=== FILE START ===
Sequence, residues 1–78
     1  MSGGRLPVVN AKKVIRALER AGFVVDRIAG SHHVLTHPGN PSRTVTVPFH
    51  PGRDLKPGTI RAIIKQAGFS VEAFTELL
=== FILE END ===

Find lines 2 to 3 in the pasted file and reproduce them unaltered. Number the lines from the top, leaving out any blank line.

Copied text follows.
     1  MSGGRLPVVN AKKVIRALER AGFVVDRIAG SHHVLTHPGN PSRTVTVPFH
    51  PGRDLKPGTI RAIIKQAGFS VEAFTELL